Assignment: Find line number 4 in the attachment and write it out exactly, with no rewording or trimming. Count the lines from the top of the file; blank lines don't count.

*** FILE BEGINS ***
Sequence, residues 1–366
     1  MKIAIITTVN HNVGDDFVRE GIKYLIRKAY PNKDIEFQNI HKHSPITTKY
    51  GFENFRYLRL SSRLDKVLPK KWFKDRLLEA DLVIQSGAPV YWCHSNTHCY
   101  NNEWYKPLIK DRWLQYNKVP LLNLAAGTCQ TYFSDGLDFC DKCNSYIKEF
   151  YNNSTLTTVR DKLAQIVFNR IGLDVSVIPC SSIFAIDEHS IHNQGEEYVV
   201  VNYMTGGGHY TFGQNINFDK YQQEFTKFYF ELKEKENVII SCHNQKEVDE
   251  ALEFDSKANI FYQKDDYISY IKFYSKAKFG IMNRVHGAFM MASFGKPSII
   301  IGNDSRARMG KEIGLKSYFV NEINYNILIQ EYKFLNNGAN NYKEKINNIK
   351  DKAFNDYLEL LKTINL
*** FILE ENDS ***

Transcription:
   101  NNEWYKPLIK DRWLQYNKVP LLNLAAGTCQ TYFSDGLDFC DKCNSYIKEF